• Mediterranean (including fish, nuts, and olive oil)

  • Low-Glycemic Index (excluding sugary drinks, refined grain foods, pasta and includes low-calorie meals)

  • AREDS2 (a nutrient-laden regimen/supplemental combination to support and promote eye health)

Having a healthy balance of vitamins and nutrients in your daily diet can help you protect your vision.

Keto The keto diet is a low-carb diet. Research at the Northeast Ohio Medical University showed that feeding mice a keto diet was 90 percent effective in protecting their retinal cells.

Mediterranean Diet The foundation of the Mediterranean Diet consists of:

  • Fruits

  • Vegetables

  • Nuts

  • Whole grains

  • Legumes

  • Fish

Research shows that the foods in the Mediterranean diet can reduce the risk of AMD or decrease its progress. A healthy diet and proper nutrients will help you maintain good eye health. More research is needed to determine how well supplements promote eye health. But the leading promoter of eye health are foods rich in the mentioned seven vitamins and minerals.

References

  1. Penn Researchers Calculate How Much The Eye Tells The Brain. (July 2006). Science Daily.

  2. Mediterranean Diet: Healthy Eating for Healthier Eyes. (September 2018). American Academy of Ophthalmology.

  3. Association of vitamin A and beta-carotene with risk for age-related cataract: a meta-analysis. (October 2014). Nutrition.

  4. Toward a new recommended dietary allowance for vitamin C based on antioxidant and health effects in humans. (June 1999). The American Journal of Clinical Nutrition.

  5. Epidemiologic evidence of a role for the antioxidant vitamins and carotenoids in cataract prevention. (January 1991). American Journal of Clinical Nutrition.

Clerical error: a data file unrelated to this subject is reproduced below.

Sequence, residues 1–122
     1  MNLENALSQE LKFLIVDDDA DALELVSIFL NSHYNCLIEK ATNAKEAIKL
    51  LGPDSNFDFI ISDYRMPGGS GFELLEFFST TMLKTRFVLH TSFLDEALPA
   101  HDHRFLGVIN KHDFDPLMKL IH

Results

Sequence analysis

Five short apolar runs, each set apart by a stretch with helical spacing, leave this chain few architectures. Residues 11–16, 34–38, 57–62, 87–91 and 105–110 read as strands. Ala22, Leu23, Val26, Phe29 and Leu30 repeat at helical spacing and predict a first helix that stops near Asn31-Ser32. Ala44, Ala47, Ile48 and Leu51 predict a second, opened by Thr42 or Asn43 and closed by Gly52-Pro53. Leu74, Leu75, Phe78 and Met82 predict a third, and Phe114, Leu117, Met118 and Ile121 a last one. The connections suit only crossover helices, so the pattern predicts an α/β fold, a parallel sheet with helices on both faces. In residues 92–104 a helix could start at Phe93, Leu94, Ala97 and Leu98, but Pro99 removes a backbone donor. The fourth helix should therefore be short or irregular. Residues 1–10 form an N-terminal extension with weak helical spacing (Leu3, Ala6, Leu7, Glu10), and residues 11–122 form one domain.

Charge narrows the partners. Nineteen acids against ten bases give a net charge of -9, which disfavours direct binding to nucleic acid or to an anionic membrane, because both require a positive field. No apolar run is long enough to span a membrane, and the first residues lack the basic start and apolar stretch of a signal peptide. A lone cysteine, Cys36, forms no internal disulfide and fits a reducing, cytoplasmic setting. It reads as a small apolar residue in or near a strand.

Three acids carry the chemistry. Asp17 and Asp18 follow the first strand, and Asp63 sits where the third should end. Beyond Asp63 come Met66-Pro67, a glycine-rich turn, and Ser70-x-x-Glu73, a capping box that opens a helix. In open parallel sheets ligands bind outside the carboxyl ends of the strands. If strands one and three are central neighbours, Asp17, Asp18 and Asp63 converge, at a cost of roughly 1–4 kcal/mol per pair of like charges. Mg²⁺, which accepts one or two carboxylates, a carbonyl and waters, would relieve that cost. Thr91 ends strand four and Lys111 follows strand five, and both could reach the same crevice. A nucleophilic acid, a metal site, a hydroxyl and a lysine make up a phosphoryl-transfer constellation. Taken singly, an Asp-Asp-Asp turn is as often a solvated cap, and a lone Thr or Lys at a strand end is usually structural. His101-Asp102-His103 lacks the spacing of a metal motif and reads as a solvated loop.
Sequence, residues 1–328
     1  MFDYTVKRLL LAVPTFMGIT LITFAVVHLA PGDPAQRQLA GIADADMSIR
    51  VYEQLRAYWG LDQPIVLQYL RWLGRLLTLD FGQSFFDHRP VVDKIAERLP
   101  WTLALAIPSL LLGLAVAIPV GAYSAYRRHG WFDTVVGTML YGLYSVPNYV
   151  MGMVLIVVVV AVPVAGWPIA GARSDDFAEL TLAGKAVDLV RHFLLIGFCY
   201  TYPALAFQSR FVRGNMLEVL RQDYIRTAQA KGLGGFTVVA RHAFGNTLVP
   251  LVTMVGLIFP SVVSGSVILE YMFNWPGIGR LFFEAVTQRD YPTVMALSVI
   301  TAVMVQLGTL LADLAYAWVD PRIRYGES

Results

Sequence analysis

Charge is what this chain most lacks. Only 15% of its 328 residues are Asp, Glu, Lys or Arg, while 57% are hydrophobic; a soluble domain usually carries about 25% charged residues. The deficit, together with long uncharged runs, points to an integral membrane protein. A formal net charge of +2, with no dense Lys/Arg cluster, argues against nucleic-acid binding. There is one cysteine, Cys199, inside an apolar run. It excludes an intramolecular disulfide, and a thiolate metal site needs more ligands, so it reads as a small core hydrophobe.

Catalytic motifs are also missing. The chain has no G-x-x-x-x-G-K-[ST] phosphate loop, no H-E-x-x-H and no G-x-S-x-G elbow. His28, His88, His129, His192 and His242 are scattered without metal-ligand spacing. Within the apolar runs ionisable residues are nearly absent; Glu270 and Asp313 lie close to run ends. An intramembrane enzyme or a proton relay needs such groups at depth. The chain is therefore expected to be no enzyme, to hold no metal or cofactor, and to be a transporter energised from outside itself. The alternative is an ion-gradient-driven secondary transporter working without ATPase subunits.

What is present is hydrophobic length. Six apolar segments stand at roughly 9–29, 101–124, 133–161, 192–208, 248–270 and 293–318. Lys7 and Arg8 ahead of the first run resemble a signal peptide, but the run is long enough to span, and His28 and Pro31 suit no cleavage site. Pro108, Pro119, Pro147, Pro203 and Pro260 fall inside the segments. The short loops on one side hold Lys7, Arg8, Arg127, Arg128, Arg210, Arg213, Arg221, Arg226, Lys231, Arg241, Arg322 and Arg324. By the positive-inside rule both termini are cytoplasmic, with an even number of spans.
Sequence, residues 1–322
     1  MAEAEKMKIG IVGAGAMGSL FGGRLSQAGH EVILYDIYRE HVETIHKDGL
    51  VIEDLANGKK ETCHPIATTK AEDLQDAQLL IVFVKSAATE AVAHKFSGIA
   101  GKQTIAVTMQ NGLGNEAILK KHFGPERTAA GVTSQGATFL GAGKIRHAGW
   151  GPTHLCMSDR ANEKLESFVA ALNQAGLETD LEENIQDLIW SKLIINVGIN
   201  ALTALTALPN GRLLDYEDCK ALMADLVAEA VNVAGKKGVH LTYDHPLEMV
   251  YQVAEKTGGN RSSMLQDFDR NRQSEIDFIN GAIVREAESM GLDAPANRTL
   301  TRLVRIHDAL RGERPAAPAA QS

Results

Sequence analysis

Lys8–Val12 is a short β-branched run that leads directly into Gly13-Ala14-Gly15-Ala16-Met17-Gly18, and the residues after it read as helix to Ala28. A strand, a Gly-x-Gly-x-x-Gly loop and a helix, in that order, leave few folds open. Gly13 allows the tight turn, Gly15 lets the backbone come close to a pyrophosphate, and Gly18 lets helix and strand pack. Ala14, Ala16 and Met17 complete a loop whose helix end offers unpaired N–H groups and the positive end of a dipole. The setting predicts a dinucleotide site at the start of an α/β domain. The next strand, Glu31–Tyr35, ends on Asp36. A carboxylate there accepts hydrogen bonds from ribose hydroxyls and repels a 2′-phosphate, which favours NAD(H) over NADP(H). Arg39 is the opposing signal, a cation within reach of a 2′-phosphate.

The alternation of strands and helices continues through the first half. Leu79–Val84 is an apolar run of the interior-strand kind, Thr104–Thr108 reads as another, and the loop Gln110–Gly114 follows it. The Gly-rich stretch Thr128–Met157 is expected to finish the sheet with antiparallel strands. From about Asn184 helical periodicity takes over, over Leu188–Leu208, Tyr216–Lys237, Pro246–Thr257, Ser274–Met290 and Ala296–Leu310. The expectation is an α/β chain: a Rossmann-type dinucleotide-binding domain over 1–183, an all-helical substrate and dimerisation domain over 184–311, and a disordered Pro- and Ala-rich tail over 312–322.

6. A randomized, placebo-controlled, clinical trial of high-dose supplementation with vitamins C and E, beta carotene, and zinc for age-related macular degeneration and vision loss: AREDS report no. 8. (October 2001). Archives of ophthalmology.

  7. Dietary carotenoids, vitamins A, C, and E, and advanced age-related macular degeneration. Eye Disease Case-Control Study Group. (November 1994). Journal of the American Medical Association.

  8. Diet and Nutrition. (2021). American Optometric Association.

  9. Age-Related Eye Disease Study 2 (AREDS2). (December 2021). ClinicalTrials.gov.

  10. Top foods to help protect your vision. (August 2013). Harvard Health Publishing.

  11. Cataract surgery. (August 2021). Mayo Clinic.

  12. A healthy eyes recipe. (January 2020). American Optometric Association.

  13. The 4 Most Common Age-Related Eye Diseases. (2021). Aging Care.

  14. Vitamins for Eye Health. (2021). AREDS-2.com.

  15. A practical guide to the Mediterranean Diet. (March 2019). Harvard Health Publishing.

  16. Structural and Functional Rescue of Chronic Metabolically Stressed Optic Nerves through Respiration. (May 2018). The Journal of Neuroscience.


From: myvision.org